I came a little late to Game of Thrones. Two seasons had already lapsed, and then before the third, HBO did one of those free-trial weekends and they marathoned the first couple seasons before the premiere of the third. I decided to watch it, but fantasy is very hit and miss with me. I don’t love all fantasy equally. I didn’t really get into Thrones for most of the first season. I liked Arya, and Cersei was a villain I would clearly love to hate (JUSTICE FOR LADY), but a lot of the characters were boring. Jon Snow, Robb Stark, Theon Greyjoy—none of them interested me. (Theon was clearly a worm and I don’t invest in worms.) Sansa was a total pill, and Catelyn was a little interesting, but I wasn’t sold on the Stark family yet. Daenerys had potential but her season one storyline was a little rocky, and I wasn’t into the weird sexual politics of the show (honestly, that never really got better). I was kind of “eh” on Thrones going into the season one penultimate episode, “Baelor”.
But then “Baelor” happened, and I. WAS. IN. This is the episode I recommend to Thrones newbies because it’s the one that best exemplifies the emotional roller coaster of watching this show, and if you watch “Baelor” and are okay with it, then you’re going to be okay with the rest of the show. Obviously, book readers knew what was coming, but for non-book readers, the first season seems to set up a scenario in which Ned Stark is pitted against Cersei Lannister. In a way, that is what happened, Stark vs. Lannister, but Ned was not the hero, he was not the protagonist we were committing to follow for the next however many seasons. Because he got his f-cking head cut off!
It was looking grim for Ned in the episodes leading up to “Baelor”, and it was immediately clear that telling Cersei he knew the truth about her illegitimate incest-children was a HUGE mistake, but really think back to how that first season operated, and how central Ned was to everything. It was obviously an ensemble, but there are always anchors, and Ned seemed like a key anchor to the whole story. So when he got his f-cking head cut off, I leapt off my couch and shouted, “OH SH-T!” It was like watching Lord of the Rings, and Gandalf dies, but then he DOESN’T COME BACK. Fantasy isn’t my favorite genre, but I’ve read/seen enough to know that there is usually an eleventh-hour reprieve, often some magic bullsh-t that happens to save the hero at the last second, so I was shocked when Ned Stark, the once and future protagonist, f-cking CORKED IT nine episodes in!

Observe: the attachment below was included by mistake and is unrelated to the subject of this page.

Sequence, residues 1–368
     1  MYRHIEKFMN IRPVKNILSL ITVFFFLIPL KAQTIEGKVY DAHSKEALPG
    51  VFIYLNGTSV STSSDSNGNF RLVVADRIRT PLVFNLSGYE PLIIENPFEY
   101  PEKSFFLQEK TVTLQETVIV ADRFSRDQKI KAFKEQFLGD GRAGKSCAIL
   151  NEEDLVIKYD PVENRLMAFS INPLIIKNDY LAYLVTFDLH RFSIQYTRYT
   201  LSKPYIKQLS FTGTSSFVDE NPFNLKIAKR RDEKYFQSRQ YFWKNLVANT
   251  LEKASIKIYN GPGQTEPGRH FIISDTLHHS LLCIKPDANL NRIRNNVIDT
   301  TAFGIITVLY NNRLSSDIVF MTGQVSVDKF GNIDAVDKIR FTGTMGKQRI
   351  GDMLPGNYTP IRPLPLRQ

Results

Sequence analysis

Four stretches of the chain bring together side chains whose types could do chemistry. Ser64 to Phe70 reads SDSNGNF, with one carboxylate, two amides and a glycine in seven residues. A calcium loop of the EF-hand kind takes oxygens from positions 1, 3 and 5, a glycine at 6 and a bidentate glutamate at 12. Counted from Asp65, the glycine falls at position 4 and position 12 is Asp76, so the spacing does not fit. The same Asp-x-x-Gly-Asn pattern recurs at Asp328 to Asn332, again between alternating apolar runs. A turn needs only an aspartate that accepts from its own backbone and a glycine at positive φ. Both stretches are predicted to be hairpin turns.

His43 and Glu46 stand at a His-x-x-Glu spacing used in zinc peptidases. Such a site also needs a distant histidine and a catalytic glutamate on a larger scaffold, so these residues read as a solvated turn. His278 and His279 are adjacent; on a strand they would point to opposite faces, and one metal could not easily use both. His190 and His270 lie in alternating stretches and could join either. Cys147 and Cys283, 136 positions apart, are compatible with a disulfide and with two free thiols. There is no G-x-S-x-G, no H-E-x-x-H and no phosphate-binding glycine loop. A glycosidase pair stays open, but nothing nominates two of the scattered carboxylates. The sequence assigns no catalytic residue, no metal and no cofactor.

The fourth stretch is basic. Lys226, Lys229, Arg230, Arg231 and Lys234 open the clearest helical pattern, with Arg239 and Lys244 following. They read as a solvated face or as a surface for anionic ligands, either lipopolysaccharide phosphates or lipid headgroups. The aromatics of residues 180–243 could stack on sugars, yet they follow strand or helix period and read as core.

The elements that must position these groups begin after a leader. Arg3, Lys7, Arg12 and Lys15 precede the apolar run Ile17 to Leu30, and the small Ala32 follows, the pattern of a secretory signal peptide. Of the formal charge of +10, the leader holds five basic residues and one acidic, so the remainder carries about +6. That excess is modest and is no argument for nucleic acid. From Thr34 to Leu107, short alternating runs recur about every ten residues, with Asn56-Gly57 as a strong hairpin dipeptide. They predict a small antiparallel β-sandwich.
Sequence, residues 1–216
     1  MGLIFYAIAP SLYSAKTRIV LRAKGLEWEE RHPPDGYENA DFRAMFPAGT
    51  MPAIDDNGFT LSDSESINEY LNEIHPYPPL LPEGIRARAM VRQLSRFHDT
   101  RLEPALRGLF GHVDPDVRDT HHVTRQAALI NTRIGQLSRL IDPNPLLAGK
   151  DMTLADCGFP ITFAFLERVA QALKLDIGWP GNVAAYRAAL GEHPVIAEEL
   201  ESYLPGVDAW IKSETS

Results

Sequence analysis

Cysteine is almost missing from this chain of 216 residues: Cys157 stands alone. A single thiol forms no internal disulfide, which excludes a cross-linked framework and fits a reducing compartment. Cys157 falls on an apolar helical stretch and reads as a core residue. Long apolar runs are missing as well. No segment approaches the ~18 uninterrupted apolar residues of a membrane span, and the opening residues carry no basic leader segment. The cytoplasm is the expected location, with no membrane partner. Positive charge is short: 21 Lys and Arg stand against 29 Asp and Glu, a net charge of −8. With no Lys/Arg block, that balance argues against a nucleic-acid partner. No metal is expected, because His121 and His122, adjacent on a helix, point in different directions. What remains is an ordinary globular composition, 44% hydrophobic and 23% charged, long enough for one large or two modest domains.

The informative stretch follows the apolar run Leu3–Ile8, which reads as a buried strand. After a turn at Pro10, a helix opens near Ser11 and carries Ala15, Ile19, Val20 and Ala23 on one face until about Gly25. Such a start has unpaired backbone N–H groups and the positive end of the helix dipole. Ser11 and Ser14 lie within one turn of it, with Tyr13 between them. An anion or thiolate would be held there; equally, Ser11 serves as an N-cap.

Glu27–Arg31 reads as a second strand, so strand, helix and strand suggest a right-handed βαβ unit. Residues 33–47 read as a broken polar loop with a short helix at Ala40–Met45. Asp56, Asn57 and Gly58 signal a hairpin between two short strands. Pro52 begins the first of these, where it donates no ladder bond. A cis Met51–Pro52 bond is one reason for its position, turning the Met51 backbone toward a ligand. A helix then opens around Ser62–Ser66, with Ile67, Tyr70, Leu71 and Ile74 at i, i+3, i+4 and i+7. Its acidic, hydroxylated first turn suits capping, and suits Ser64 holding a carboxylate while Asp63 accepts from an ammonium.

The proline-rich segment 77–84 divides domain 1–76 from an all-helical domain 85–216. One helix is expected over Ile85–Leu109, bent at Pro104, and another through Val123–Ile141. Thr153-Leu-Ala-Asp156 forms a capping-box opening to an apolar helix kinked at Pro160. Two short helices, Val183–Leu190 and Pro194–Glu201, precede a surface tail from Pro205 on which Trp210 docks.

And then the story just went into freefall. Suddenly, no one was safe, because this was a story where the presumed lead character can actually die! There was no guarantee that Arya would be safe as she attempted to flee King’s Landing—I fully expected her to die next, on her way out of town—and Sansa suddenly became a prime target. I thought FOR SURE Sansa would die multiple times in seasons two and three. After Ned died, I became totally absorbed in Thrones. I had been happy, in the eight hours leading up to that, to watch with only half my attention, to do other things, like fold laundry, while episodes played. But after Ned died, I sat my ass down and watched, transfixed. Because I didn’t know what would happen next. The common tropes and typical rules were out the window. This was a world where literally anything could happen.
By the time the Red Wedding rolled around, I wasn’t shocked. It was not my leap-off-the-couch moment, because I already had that with “Baelor”. The Red Wedding is gut-wrenching to watch, and a masterclass in foreshadowing and tension, but by that point, I just assumed any character could die at any moment and as soon as the music turned ominous, I figured heads would start rolling. The fact that noble, heroic Robb Stark got murdered at a party made total sense when you remember how his noble, heroic dad got his f-cking head cut off. The whittling away of the Stark family seemed like Ned’s true legacy. And, speaking of the Red Wedding, “Baelor” is also the episode where that plot is set in motion, as Catelyn makes a deal on Robb’s behalf which Robb will not uphold.
“Baleor” is the best litmus test for whether or not you can stomach this series, but it is also the moment when so many stories truly begin. “Baelor” is when Arya begins her journey that ends with A Girl and her list of names, it’s Sansa’s first real lesson in playing the game of thrones, it’s the first step toward Robb Stark’s downfall, it sets the stage for the Battle of the Blackwater; Jon Snow receives Longclaw, and Daenerys makes a choice that alters her path forever. This one episode sets the stage for the Red Wedding, the Mother of Dragons, Lord Commander Jon Snow, and it puts House Stark on a collision course with House Lannister, a conflict that is still ongoing. “Baelor” isn’t the heart of Game of Thrones, it’s the engine that drives the whole story.